5 Ikenberry, op cit, 3.

6 Clinton, Hillary (2011), ‘America’s Pacific Century’, Foreign Policy, November,

7 Goh, Evelyn (2008), ‘Hierarchy and the Role of the United States in the East Asian Security Order’, International Relations in the Asia-Pacific, Vol. 8(3), p. 373.

8 Clinton, op cit, 6.

9 Haas, Richard N. (2013), ‘How to Build a Second American Century’, Washington Post, 27 April, 99893f10d6dd_story.html.

10 Wong, Edward (2013), ‘Cost of Environmental Damage in China Growing Rapidly Amid Industrialisation’, New York Times, 29 March,

11 Ibid.

12 Orlik, Tom (2012), ‘Chinese Survey Shows Higher Jobless Rate’, The Wall Street Journal, 8 December,

13 Office of the Secretary of Defense, ‘Annual Report to Congress: Military and Security Developments Involving the People’s Republic of China 2013’, United States of America Department of Defense, at; Wang, Feng (2010), China’s Population Destiny: The Looming Crisis, Brookings Institution,

14 Howe, Neil et al (2009), China’s Long March to Retirement Reform: The Graying of the Middle Kingdom Revisited, Centre for International and Strategic Studies and Prudential Foundation,, p. 7.

15 Wang, op cit, 13.

16 For example: Mullen (Admiral), Mike (2010), ‘Joint Chiefs of Staff Speech at Asia Society of Washington Award Dinner’, Washington D.C., 9 July. Quoted in Dobell, Graeme (2010), ‘China: The Hugh White Way’, The Lowy Interpreter, 6 September,

17 Perlo-Freeman, Sam et al (2013), Trends in World Military Expenditure 2012, Stockholm International Peace Research Institute, SIPRI Factsheet,

18 Garnaut, John (2013), ‘Xi’s War Drums’, Foreign Policy, May/June,

19 Yuan, Jingdong (2013), ‘Getting China Right: America’s Real Choice’, Security Challenges, Vol. 9(1), p. 12.

20 Garnaut, op cit, 18.

21 Ibid.

22 Funnell, Antony (2013), ‘The Myth Around China’s Growing Military Supremacy’, ABC Radio National, 6 May,

23 Perlo-Freeman, Sam: Ibid.

24 Perlo-Freeman et al, op cit, 17, p. 2.

25 Dibb, Paul (2013), What are the risks of war between China and the US?, public lecture at the Australian National University in Canberra, 6 May,

26 Nathan, Andrew and Scobell, Andrew (2012), ‘How China Sees America: The Sum of Beijing’s Fears’, Foreign Affairs, Vol. 91(5).

27 Hughes, Christopher (2011), ‘Reclassifying Chinese nationalism: the Geopolitik Turn’, Journal of Contemporary China, Vol. 20(71), pp. 601–620.

28 Cook, Malcolm et al (2010), Power and Choice: Asian Security Futures, Sydney: Lowy Institute for International Policy, p. 3.

29 Stevens, Philip (2013), ‘The Threats to Asia’s Fragile Balance of Power’, The Financial Times, 2 May,

30 Garnaut, op cit, 18.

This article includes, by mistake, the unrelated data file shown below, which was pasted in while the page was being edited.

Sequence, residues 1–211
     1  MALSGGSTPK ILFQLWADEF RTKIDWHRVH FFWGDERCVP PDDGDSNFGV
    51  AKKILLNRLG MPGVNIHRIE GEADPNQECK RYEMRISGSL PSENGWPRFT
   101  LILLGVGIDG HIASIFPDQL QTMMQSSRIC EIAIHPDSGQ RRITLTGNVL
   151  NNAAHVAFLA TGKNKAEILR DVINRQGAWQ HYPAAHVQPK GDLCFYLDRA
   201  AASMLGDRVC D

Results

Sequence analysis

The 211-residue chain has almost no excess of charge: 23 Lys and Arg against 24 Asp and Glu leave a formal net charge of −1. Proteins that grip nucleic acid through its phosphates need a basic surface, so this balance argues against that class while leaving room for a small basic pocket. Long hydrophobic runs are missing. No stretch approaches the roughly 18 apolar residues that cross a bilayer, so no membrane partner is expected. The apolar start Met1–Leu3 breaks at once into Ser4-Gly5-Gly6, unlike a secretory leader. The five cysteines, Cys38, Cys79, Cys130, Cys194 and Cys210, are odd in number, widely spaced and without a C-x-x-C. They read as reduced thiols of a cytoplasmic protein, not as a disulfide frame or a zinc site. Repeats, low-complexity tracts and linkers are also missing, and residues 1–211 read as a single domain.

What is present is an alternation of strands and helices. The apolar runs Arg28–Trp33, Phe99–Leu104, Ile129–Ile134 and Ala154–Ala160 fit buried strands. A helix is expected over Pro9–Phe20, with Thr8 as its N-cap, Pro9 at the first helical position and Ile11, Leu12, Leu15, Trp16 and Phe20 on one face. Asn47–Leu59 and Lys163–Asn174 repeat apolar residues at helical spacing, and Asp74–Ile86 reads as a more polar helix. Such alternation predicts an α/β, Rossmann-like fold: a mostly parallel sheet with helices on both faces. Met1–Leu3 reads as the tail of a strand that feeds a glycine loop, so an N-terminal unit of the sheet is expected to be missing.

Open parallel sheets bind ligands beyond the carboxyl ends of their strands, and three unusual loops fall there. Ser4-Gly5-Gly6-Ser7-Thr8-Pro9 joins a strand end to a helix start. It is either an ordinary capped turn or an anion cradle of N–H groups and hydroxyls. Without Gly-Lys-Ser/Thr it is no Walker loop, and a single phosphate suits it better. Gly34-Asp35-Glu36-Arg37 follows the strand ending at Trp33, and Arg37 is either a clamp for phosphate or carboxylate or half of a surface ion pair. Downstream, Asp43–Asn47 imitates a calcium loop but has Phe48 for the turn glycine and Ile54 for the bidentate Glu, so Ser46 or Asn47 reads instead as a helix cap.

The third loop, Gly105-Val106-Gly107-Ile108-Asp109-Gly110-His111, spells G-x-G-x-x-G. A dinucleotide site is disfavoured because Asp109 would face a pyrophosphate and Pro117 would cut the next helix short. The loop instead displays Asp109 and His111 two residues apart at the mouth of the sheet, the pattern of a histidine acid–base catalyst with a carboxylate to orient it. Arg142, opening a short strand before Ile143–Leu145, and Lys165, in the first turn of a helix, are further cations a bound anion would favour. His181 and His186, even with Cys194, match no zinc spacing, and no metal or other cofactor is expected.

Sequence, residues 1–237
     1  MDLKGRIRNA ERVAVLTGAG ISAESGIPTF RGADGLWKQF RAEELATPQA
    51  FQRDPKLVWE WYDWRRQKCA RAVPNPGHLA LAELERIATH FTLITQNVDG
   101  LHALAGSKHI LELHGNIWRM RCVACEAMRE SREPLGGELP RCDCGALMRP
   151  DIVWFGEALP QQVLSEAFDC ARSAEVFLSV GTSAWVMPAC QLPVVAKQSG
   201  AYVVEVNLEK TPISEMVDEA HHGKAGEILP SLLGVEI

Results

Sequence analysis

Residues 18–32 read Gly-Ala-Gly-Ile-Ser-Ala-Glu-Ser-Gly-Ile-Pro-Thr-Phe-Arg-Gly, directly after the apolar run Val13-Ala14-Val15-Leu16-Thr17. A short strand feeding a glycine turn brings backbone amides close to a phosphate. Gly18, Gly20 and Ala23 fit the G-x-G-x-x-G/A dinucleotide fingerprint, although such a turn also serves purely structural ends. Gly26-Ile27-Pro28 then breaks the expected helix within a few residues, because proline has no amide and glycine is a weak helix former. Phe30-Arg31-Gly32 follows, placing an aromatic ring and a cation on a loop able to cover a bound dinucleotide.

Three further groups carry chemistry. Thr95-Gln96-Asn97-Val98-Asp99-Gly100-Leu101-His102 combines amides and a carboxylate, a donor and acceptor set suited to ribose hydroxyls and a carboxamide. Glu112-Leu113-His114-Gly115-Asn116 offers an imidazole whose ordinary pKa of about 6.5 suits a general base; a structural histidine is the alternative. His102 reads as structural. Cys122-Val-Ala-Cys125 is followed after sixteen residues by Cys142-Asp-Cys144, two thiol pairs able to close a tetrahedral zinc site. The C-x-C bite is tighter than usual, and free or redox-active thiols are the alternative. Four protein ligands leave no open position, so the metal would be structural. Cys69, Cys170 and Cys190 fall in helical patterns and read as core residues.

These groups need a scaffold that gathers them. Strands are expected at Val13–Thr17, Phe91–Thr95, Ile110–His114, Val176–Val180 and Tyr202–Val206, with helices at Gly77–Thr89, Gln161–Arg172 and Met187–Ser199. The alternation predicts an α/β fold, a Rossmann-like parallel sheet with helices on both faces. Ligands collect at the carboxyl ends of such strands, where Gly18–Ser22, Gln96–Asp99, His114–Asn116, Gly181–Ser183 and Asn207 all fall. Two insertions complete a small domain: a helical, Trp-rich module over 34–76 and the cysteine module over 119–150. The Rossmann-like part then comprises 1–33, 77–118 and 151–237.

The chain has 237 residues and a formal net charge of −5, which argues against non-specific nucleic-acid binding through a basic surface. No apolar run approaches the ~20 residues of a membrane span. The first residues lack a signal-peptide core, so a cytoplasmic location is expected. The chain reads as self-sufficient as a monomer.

31 Kang, David C. (2005), ‘Why China’s Rise Will be Peaceful: Hierarchy and Stability in the East Asian Region’, Perspectives on Politics, Vol. 3(3), p. 553.

32 Yuan, op cit, 19.

33 Nathan and Scobell, op cit, 26.

34 National Bureau of Statistics of China (2012), ‘Table 10: Imports and Exports by Major Countries and Regions and the Growth Rates in 2011’, Statistical Communiqué of the People’s Republic of China on the 2011 National Economic and Social Development, 22 February,

35 Herberg, Mikkal (2008), ‘China’s Search for Energy Security: The Implications for South East Asia’ in Goh, Evelyn and Simon, Sheldon W. (eds.), China, the United States and South East Asia: Contending Perspectives on Politics, Security and Economics, New York: Routledge, p. 70.

36 US Department of Energy, Energy Information Administration, International Energy Outlook 2005, Ibid, p. 73.

37 Phillips, Andrew (2010), ‘Power Shift or Power Drift?’, The Lowy Interpreter, 17 September,

38 Mearsheimer, John (2001), The Tragedy of Great Power Politics, New York: W. W. Norton, p. 400.

39 Powell, Robert (2004), ‘Bargaining Theory and International Conflict’, American Review of Political Science, Vol. 5(1), p. 231.

40 Agence France-Presse (2013), ‘China ships head into “disputed waters”’, Al Jazeera, 4 May, pacific/2013/05/20135412348979323.html.

41 Ibid.

42 Wall Street Journal (2013), ‘China’s Territorial Ambition’, Wall Street Journal, 2 May,; The Economist (2013), ‘Thunder Out of China’, The Economist, 4 May, thunder-out-china.

43 Garnaut, op cit, 18.

44 Wall Street Journal, op cit, 42.

45 Nathan and Scobell, op cit, 26.

46 Herberg, op cit, 35, p. 70.

47 Bitzinger, Richard A. and Desker, Barry (2008/2009), ‘Why East Asian War is Unlikely’, Survival, December/January, Vol. 50(6), pp. 106-107.

48 Nathan and Scobell, op cit, 26.

49 Garnaut, op cit, 18.

50 Garnaut, John (2013), ‘Fears Xi’s push on Japan poses showdown risk’, Sydney Morning Herald, 16 March,

51 Zhao, Suisheng (2013), ‘Foreign Policy Implications of Chinese Nationalism Revisited: the Strident Turn’, Journal of Contemporary China, Vol. 22(82), pp. 535-553, p. 535.

52 Ibid, p. 536.

53 Ibid, p. 536.

54 King, Amy (2013), ‘A change of tone on China’, The Drum, 6 May,

This article appears in the 2013 ACYA Journal of Australia-China Affairs (pp. 26-32).

Kara Hawkins is a third-year undergraduate student at the Australian National University, studying International Relations. She majors in Arabic but also has a keen interest in Asia-Pacific studies.